Meeting this evening

Hope to discuss metallic mining, housing, cannabis and solar energy land use amendments

Tue, 12/05/2023 - 2:15pm

    HOPE — The Planning Board in Hope has several weighty topics to consider Tuesday evening, Dec. 5, when it convenes for a regularly scheduled meeting at the Hope Town Office.

    Business includes review of a land use amendment to regulate metallic mining,  new municipal rules for cannabis cultivation and testing, as well as cannabis medical dispensaries, guidelines for solar energy facilities, and discussion about crafting land use amendments to increase housing in conformance with state statute.

    The industrial metallic mining amendment is straightforward: No industrial metallic mining in any of the town’s three zoning districts, which are defined as Rural Residential, Hope Corner and South Hope Village. (See Hope’s Zoning map here.)

    The focus on metallic mining comes on recent municipal actions taken in response to mining interests made public. Exiro Minerals Corp, a mineral exploration company based in Canada, first introduced itself in Union and Warren.

    Union voters responded with enacting a 180-day moratorium on metallic mining, which it is considering renewing at a Dec. 5 meeting. Likewise, Hope responded with a moratorium and crafted the language that is coming before the Planning Board this evening. The meeting will not be streamed live nor televised.

    Hope’s drafted amendment adds a definition of metallic mining, “The exploration for or extraction of metallic minerals, by a person or persons acting in concert, which occupies or disturbs an aggregate land area of one acre or more, regardless of the number of exploration or extraction sources or sites used.”

    Industrial metallic mining does not, however, “include (i) non-commercial mineral exploration by means of test boring, test drilling, hand sampling, or digging of test pits which disturbs a land area of less than one acre; or (ii) the excavation, processing, or quarrying of sand, fill, gravel, clay, topsoil, peat, silt, or rock not associated with metallic mineral mining.

    Mineral products processing and storage not associated with industrial metallic mineral mining would be allowed in the rural residential area.

    HousingHope will also consider this evening in discussion with municipal attorney Bill Kelly measures to amend the land use ordinance to encourage increased housing.

    This follows from the 2021 Act To Implement the Recommendations of the Commission To Increase Housing Opportunities in Maine by Studying Zoning and Land Use Restrictions, which required municipalities to ensure ordinances and regulations are designed to further the purposes of the federal Fair Housing Act and the Maine Human Rights Act.

    As well, the Act stipulated that municipalities may also establish and enforce short- term rental regulations to achieve the state housing production goals.

    The law (Chapter 672) aims to increase affordable housing in Maine by:establishing state-wide and regional housing production goals and the municipal role in achieving those goals;imposing density and other requirements for affordable housing developments that preempt inconsistent municipal regulations;requiring municipalities to allow up to two, three, or four dwelling units on each lot where housing is allowed, depending on the location of the lot and whether it contains an existing dwelling unit; andrequiring municipalities to allow an accessory dwelling unit (ADU) on the same lot as a single-family dwelling unit in any area where housing is permitted and to comply with certain requirements pertaining to ADUs.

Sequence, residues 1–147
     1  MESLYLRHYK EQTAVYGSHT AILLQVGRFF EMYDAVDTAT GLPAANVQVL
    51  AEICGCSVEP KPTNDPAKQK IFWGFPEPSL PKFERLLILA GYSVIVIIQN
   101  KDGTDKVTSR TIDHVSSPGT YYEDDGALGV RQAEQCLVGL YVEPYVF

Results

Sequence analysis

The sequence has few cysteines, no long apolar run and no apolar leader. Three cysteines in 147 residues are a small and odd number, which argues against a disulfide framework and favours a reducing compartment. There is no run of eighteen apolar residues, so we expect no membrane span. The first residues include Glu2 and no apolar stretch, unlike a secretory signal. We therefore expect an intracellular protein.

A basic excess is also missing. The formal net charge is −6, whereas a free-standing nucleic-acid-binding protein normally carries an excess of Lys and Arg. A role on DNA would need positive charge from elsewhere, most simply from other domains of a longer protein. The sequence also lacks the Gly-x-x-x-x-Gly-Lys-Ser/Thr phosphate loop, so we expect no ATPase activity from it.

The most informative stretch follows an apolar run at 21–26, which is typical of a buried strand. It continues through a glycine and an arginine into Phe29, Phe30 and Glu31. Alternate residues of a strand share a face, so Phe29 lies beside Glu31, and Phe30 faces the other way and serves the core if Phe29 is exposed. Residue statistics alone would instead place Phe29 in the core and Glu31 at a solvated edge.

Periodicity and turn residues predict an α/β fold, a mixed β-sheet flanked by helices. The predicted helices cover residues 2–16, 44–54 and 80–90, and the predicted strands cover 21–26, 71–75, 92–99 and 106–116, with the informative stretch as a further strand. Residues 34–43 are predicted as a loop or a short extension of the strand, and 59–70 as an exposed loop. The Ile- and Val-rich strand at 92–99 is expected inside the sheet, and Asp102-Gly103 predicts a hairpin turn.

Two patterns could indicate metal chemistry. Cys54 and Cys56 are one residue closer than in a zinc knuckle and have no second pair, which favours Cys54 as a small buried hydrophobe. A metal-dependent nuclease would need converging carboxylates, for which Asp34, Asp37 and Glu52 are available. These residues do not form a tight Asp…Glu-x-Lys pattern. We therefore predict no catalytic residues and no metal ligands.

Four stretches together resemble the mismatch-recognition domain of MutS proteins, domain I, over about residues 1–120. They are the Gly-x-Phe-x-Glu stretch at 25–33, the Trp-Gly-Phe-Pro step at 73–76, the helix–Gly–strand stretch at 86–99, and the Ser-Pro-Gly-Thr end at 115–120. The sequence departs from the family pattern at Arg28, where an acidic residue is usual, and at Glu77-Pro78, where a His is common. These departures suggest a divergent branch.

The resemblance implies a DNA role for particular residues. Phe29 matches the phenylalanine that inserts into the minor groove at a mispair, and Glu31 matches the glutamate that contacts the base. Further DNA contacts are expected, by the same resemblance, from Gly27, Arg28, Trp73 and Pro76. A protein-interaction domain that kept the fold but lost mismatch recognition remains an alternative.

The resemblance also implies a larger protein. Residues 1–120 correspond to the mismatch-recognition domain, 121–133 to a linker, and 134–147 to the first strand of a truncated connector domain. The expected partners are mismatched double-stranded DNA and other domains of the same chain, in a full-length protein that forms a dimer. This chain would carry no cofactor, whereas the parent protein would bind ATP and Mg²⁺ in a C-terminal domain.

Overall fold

Hope will review and discuss proposed land use amendments concerning Cannabis Cultivation, Manufacturing, and Testing Facilities and Medical Cannabis Dispensaries:
    The proposed amendments establish town rules for a variety of operations, and adds definitions. It is a lengthy amendment, and proposes prohibiting Retail Cannabis stores and stipulates: No person or organization shall develop or operate a business within this municipality that engages in the sale of a cannabis product to consumers, as defined by 28-B M.R.S. §102.

    Additionally, Retail Cannabis Social Clubs are prohibited in the Town of Hope. 

    It does allow for two facilities for cannabis cultivation, manufacturing, and testing.

    Medical cannabis is a different story, and the proposed amendments rewrite existing ordinance. They outline rules for for Registered Medical Cannabis Dispensaries.

    “A registered medical cannabis dispensary may not be located within 500 feet of the property line of a preexisting public or private school; preexisting church, synagogue, or other house of religious worship; a lot principally being used for one, two or multi-family residential purposes; a preexisting athletic field, park, playground or recreational facility; any preexisting juvenile or adult halfway house, correctional facility, substance abuse rehabilitation or treatment center; and/or a preexisting licensed child care facility.”

    Solar Energy Facilities

    Proposed amendments to the land use ordinance governing solar energy production likewise are changes to existing municipal rules. They are to regulate and control solar energy facilities in Hope.

    If approved, medium and large solar energy facilities would be allowed in all three district with planning board approval. 

    Roof Mounted Solar Energy Facilities and Small Ground Mounted Solar Energy Facilities on residential property would be allowed in all districts with code enforcement office approval, and with input from the Hope Fire Chief.